|LabVIEW 2015 Help|
|LabVIEW 2016 Help|
|LabVIEW 2017 Help|
|LabVIEW 2018 Help|
|LabVIEW 2019 Help|
The discrete Fourier transform (DFT) or fast Fourier transform (FFT) of a real signal is a complex number, having a real and an imaginary part. You can obtain the power in each frequency component represented by the DFT or FFT by squaring the magnitude of that frequency component. Thus, the power in the kth frequency component—that is, the kth element of the DFT or FFT—is given by the following equation.
where |X[k]| is the magnitude of the frequency component.
The power spectrum returns an array that contains the two-sided power spectrum of a time-domain signal and that shows the power in each of the frequency components. You can use the following equation to compute the two-sided power spectrum from the FFT.
where FFT*(A) denotes the complex conjugate of FFT(A). The complex conjugate of FFT(A) results from negating the imaginary part of FFT(A).
The values of the elements in the power spectrum array are proportional to the magnitude squared of each frequency component making up the time-domain signal. Because the DFT or FFT of a real signal is symmetric, the power at a positive frequency of k Δf is the same as the power at the corresponding negative frequency of -k Δf, excluding DC and Nyquist components. The total power in the DC component is |X|2. The total power in the Nyquist component is |X[N/2]|2.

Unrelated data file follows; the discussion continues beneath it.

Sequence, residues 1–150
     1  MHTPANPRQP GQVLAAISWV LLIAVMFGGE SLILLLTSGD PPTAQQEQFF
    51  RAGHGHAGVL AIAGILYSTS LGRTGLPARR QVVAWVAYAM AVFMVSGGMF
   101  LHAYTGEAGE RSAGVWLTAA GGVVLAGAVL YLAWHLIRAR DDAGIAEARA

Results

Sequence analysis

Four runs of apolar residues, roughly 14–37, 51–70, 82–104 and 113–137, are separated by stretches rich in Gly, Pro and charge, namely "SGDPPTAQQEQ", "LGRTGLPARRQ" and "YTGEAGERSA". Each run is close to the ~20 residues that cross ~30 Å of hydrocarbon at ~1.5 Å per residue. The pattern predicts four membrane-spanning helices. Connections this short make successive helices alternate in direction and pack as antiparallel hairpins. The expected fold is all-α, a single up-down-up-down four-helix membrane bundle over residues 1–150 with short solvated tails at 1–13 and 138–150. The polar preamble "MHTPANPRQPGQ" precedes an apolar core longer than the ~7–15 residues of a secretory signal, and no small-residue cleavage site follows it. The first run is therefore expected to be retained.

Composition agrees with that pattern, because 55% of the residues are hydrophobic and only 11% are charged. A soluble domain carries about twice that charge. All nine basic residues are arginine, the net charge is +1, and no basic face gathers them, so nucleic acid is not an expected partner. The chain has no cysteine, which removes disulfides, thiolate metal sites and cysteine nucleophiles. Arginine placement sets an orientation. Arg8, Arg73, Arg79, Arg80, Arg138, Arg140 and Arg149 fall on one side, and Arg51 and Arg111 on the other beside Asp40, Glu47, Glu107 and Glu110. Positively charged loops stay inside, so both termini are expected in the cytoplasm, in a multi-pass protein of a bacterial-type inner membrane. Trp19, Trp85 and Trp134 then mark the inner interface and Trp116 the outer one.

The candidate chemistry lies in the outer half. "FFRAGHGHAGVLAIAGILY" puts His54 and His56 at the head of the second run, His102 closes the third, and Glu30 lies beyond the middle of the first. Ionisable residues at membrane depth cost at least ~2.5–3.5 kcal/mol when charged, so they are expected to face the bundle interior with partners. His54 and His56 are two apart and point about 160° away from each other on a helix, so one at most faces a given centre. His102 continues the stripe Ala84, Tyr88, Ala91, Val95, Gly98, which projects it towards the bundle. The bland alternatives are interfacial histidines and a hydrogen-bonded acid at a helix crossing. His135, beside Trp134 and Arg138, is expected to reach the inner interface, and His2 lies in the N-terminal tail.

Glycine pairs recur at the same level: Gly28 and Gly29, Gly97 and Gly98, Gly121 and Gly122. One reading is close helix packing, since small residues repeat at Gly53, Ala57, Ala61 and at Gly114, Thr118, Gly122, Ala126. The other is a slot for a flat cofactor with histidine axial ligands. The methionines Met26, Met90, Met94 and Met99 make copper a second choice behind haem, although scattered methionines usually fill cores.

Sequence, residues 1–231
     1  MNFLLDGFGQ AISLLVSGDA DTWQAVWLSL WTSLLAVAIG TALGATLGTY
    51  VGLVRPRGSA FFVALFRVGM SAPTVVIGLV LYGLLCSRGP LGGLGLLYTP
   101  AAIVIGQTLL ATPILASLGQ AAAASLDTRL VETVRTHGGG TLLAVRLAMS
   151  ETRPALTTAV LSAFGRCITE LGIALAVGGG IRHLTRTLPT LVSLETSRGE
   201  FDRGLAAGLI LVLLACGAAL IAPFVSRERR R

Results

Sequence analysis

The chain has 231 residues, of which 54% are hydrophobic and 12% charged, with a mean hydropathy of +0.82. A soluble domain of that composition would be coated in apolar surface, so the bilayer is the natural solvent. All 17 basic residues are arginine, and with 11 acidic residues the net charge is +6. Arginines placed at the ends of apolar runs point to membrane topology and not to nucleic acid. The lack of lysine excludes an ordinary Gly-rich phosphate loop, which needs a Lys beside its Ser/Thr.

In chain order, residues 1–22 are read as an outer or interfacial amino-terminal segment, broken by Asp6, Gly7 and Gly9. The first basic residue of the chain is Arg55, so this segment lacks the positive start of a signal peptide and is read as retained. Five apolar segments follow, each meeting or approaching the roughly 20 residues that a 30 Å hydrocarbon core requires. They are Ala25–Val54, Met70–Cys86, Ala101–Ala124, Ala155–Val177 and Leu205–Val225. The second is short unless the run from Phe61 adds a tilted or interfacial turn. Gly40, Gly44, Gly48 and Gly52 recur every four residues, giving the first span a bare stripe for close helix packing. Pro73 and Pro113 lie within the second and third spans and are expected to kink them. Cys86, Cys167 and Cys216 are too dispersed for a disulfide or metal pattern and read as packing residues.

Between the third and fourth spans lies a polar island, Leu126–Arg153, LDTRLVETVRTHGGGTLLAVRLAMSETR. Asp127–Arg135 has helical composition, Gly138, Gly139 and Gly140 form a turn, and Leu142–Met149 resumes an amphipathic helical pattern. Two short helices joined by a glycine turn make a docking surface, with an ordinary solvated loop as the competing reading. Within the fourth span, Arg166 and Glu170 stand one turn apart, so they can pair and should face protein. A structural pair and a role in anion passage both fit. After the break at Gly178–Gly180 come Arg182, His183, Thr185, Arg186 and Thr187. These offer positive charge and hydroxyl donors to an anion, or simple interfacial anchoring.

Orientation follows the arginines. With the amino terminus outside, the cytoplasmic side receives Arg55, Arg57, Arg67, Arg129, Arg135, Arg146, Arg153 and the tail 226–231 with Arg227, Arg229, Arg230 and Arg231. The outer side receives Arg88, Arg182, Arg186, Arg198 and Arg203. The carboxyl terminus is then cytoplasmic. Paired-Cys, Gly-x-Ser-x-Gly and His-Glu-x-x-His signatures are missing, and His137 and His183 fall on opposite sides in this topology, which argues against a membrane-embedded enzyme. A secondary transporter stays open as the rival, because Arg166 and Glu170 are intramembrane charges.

A plot of the two-sided power spectrum shows negative and positive frequency components at a height given by the following relationship:
where ak is the peak amplitude of the sinusoidal component at frequency k. The DC component has a height of A02 where A0 is the amplitude of the DC component in the signal.
The following figure shows the power spectrum result from a time-domain signal that consists of a 3 Vrms sine wave at 128 Hz, a 3 Vrms sine wave at 256 Hz, and a DC component of 2 VDC. A 3 Vrms sine wave has a peak voltage of or about 4.2426 V.